High-end equipments deployed to locate AirAsia jet

High-end equipments deployed to locate AirAsia jet

High-end equipments deployed to locate AirAsia jet

An international team equipped with acoustic equipment today arrived at the suspected crash site of the AirAsia jet in search for the plane's flight recorders as search crews recovered seven more bodies from the choppy waters of the Java Sea.

With the recovery of more bodies, the rescue agency narrowed the area of search.
Rear Marshal Henry Bambang Soelistyo, head of Indonesia's National Search and Rescue Agency, said bad weather was a worry, with forecasts of rain, strong winds and high waves up to four metres till Sunday.

He said that wreckage and bodies are spread over an area of 5km of the Java Sea off Borneo.

The search was now focusing on an area of 1,575 nautical square miles of the Java Sea off Borneo, he told reporters.

The Frog Troops will dive to the bed of the Java Sea as the joint Search and Rescue (SAR) operation team believes that many of the passengers are still strapped into their seats in the plane wreckage.

"Divers are already on standby at the navy ship Banda Aceh to dive on that priority area to locate the body of the plane," he said. "I hope we'll get a significant result today."

"We will focus on underwater detection," said Soelistyo, adding that ships from Indonesia, Malaysia, Singapore and the US had been on the scene.

Over 90 vessels and aircraft involved in the search and rescue operation, said AirAsia.
Bodies of 16 out of the 162 people have been recovered so far.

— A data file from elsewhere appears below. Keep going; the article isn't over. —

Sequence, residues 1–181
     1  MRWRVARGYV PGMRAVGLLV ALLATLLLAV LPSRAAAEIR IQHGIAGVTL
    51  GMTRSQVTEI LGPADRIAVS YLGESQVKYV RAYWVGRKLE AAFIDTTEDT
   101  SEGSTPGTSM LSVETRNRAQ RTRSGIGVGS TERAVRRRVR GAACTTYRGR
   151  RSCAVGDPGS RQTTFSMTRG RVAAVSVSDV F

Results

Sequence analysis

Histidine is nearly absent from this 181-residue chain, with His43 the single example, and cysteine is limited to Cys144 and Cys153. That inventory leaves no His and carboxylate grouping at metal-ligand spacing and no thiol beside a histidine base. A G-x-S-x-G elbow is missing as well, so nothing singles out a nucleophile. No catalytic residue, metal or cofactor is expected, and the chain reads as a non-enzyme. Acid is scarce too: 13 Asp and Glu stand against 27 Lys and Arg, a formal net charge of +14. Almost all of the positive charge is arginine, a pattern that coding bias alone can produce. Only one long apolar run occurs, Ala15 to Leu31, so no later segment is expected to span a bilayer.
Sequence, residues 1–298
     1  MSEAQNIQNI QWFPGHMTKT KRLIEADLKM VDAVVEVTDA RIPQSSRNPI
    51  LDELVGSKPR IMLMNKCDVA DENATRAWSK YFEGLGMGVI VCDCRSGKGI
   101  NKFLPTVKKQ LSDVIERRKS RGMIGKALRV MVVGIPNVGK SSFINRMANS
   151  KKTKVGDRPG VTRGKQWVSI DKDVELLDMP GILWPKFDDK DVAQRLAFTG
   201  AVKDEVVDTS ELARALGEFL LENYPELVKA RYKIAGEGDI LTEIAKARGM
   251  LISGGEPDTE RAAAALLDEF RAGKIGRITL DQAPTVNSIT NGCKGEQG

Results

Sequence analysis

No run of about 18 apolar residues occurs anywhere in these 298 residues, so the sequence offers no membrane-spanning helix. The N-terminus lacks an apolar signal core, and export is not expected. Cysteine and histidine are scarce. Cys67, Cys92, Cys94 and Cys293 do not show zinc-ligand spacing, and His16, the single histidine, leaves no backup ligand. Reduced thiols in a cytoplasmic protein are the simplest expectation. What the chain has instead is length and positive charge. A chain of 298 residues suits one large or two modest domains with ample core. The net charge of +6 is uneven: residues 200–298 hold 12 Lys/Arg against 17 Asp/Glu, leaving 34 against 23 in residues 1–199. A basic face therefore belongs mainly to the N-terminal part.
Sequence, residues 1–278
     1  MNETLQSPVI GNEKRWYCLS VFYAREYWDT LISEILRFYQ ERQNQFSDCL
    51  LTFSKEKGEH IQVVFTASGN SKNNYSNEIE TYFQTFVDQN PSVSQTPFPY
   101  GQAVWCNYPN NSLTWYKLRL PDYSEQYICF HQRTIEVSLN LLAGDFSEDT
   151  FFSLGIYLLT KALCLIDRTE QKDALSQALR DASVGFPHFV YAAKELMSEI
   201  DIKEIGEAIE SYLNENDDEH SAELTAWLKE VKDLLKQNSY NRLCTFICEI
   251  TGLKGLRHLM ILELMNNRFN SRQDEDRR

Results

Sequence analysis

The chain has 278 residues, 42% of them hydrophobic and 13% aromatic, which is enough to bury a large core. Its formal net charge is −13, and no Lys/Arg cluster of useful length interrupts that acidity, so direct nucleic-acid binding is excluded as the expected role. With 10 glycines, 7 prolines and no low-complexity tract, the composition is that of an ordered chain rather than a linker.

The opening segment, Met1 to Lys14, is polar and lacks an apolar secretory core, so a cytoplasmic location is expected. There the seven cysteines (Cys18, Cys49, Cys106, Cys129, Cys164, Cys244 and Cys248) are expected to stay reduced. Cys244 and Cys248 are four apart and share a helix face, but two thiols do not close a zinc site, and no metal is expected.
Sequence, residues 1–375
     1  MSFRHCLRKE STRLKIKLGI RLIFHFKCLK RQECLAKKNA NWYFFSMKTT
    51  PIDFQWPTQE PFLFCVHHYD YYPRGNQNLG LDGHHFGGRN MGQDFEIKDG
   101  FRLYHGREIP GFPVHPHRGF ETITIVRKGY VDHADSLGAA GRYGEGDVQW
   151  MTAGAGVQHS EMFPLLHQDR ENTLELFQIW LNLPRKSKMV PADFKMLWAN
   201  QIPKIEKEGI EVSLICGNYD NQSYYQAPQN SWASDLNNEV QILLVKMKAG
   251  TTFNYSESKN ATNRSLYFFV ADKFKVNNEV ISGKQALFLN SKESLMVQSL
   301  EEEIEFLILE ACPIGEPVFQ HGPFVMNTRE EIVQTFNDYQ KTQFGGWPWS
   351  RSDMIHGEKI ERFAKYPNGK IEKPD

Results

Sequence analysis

France's BEA crash investigation agency, which attends the crashes of all Airbus planes, was also on the scene with two hydrophones, or underwater acoustic detection devices.
Soelistyo said the search would be stepped up as long as the weather allowed.

One victim of the crash has been identified and the body was returned to her family yesterday.

Earlier, officials said it could take a week to find the black box of the ill-fated Airbus 320-200 which went missing on Sunday after taking off from Surabaya.

Indonesian Transportation Safety Committee member Antonius Toos Sanitioso said, "It may take about a week to retrieve the flight recorder and that is if the sea was calm and there are no disruptions such as noise or other obstacles."

He said an independent investigating team will probe into the tragedy of AirAsia QZ8501. The focus remains on retrieving the bodies.

The multi-national search mission has also recovered a number of items belonging to passengers and the aircraft, such as two black bags, one grey suitcase, an aircraft ladder and metal debris.

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